Nov 11, 2020
(With inputs from Teena Thomas and Mihika Shankar)
Most learners will agree that their families are as much part of their education as their teachers and peers. The attitudes and beliefs they hold in this regard indeed influence the directions we grow in. A few of us come from families where there is an openness towards exploration, curiosity and unconventional methods of learning. However, there are also learners who clamour for the modes of learning they crave and deserve.
As we have been discussing the concept of gap years all month on the Beyond 8 blog, let us use it as the case in point in this post. Not many parents, especially in India, will be completely comfortable when their teen sits them down and reveals an interest in stepping off the academic bandwagon and exploring the world themselves. In a culture like ours, a gap in academic pursuits is often looked at with resistance and inhibition - mostly because they are not exposed to the abundant benefits of a gap year. They view it as a lack of interest and focus, an aberration in the process of education. Cultural differences and financial constraints also play an undeniable role in nurturing a prejudice towards the gap year.
In the attempt to persuade more parents to open their minds towards their children to pursue a gap year after high school, here are a few points we would like to raise!
The very words we use to speak about a gap year could be problematic. When we say we are ‘taking a year off’, it is only natural for parents to think of it with scepticism. Contrary to the belief that learners are likely to lose their hard-earned study skills after a year off, this period is actually when learners enrich their learning even further. What better time to delve deep into their verticals of interest with apprenticeships and volunteering. Each person they meet and learn from will only add to their rich network of people. That said, wouldn’t it be more appropriate to say ‘taking a year on’?
Studies have shown that students that take a gap year before college usually perform better in academics. When they invest their time in experiences outside the classroom, they are more likely to encounter their true calling and even develop the required skills to pursue it as their chosen professions.
For someone who is willing and passionate about learning, it is a gift that keeps giving irrespective of one’s age or background. This truth is often lost amidst the fervour to endlessly be part of a rat race or worse, to win it. One of the most prominent fallacies that parents hold about gap years is that it will set them back in the race to complete their education, while their peers will be far ahead of them. However, nothing can be further than the truth. Falling behind chronologically is a small trade-off in comparison to the depth of knowledge and experience they would have gained. When we begin to place more emphasis on collaboration, rather than competition, it may become easier to welcome gap years into our education systems.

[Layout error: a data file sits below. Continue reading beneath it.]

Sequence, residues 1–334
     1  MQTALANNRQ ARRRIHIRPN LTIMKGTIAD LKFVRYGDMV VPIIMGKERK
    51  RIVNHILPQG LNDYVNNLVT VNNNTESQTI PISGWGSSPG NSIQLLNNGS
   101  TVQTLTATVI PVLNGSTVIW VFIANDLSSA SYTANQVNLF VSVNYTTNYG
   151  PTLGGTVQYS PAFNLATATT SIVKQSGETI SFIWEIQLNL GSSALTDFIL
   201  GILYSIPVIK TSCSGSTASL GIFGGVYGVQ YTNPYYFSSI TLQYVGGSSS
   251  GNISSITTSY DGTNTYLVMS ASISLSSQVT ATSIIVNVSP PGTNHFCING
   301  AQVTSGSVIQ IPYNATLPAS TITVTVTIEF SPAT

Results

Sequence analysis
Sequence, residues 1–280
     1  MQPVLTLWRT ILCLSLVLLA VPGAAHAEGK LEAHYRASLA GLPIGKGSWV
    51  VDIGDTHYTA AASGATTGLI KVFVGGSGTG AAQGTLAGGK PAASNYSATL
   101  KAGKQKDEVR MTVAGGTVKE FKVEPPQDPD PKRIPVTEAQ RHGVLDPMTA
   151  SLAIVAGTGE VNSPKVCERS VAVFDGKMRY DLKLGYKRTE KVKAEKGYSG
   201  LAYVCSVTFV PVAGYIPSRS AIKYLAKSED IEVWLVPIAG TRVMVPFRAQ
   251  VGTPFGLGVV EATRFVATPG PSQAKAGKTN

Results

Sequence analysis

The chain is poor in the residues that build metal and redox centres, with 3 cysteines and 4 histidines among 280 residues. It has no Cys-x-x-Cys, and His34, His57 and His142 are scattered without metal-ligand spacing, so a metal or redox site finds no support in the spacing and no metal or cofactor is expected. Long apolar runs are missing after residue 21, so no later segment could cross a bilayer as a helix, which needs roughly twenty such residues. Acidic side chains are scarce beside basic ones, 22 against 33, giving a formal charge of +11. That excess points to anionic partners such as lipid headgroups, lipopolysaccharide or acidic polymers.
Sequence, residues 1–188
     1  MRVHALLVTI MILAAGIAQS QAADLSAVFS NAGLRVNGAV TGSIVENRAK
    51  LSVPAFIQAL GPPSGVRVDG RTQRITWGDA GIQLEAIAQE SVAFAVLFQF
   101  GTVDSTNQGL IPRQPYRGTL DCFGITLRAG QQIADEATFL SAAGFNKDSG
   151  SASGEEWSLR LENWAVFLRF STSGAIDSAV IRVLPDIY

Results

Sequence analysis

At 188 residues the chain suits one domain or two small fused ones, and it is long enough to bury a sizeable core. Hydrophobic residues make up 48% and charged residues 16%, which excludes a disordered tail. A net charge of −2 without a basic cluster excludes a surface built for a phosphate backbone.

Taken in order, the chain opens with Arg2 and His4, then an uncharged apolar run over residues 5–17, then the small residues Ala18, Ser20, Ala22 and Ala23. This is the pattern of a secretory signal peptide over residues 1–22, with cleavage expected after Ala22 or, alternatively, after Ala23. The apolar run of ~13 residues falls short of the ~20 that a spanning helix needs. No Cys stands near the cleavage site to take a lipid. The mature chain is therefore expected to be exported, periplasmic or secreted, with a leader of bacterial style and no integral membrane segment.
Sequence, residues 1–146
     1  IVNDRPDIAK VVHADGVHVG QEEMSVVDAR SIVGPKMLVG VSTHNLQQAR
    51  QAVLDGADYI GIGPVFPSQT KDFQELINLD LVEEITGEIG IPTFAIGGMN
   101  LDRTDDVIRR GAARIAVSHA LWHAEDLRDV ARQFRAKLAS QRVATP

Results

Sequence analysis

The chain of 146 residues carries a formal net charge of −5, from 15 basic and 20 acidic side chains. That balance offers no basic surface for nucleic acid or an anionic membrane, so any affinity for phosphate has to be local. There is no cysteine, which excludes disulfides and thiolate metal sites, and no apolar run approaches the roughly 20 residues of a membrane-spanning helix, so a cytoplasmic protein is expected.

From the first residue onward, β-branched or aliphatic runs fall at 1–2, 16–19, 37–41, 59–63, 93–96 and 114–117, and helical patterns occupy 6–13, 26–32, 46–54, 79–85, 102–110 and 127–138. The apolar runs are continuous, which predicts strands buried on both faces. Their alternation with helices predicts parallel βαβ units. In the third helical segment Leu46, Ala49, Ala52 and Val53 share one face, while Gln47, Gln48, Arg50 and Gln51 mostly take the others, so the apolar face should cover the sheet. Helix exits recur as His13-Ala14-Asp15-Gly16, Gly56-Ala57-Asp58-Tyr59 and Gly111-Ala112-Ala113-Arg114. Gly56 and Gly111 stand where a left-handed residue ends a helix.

The youth unemployment rate 22.85% recorded by India in 2018 reflects on the reality of an educationally qualified but professionally incompetent young population . The potential of a gap year to bring down this rate to ensure a successful economy may come as a surprise to many. A gap year equips the learner with a range of experiences and a better perspective of the world around them. It prepares the students for real life and not just for higher education, helps them to manage and understand priorities in future. The ability to be self-directed helps the learners to stand apart from the crowd, who rush through college for the sake of a degree. A gap year caters to the parents’ aspirations for their kids to grow and develop into multidimensional people who are aware of their place in the world and can deal with whatever life throws at them.
The conventional education system which thrives on the obedience and discipline of the learners, views gap year as a digression from the acceptable norms. The autonomy vested on the learner to explore and choose their career path is frowned upon by traditional education which expects the learners to fit into the mould. The one-year gap after high school equips the student with self-confidence and courage to know and define oneself, to decide what one truly wants and what career to pursue.
When a child expresses an interest in taking up a gap year, it is worth appreciating the fact that he or she has the courage and conviction to speak up for their passions in the face of societal pressure. Rather than dismissing the idea completely, it could help parents to have a conversation on the motivations behind it. Patience and perseverance are important virtues children learn from their parents, especially when modelled to them at home, during challenging conversations. Therefore, lending a supportive ear can strengthen the bond between parents and their children too and make them feel like everyone is on the same side during this exciting journey.
From our own experience with the Bridge Program offered at Beyond 8, gap years are not meant to be viewed with apprehension, rather they need to be embraced for the sake of children who want to experience life more deeply than others.
Parents, have your children ever come to you with an interest to take a gap year? We would love to hear your thoughts and concerns in the comments below - our experts at Beyond 8 will be happy to address them.
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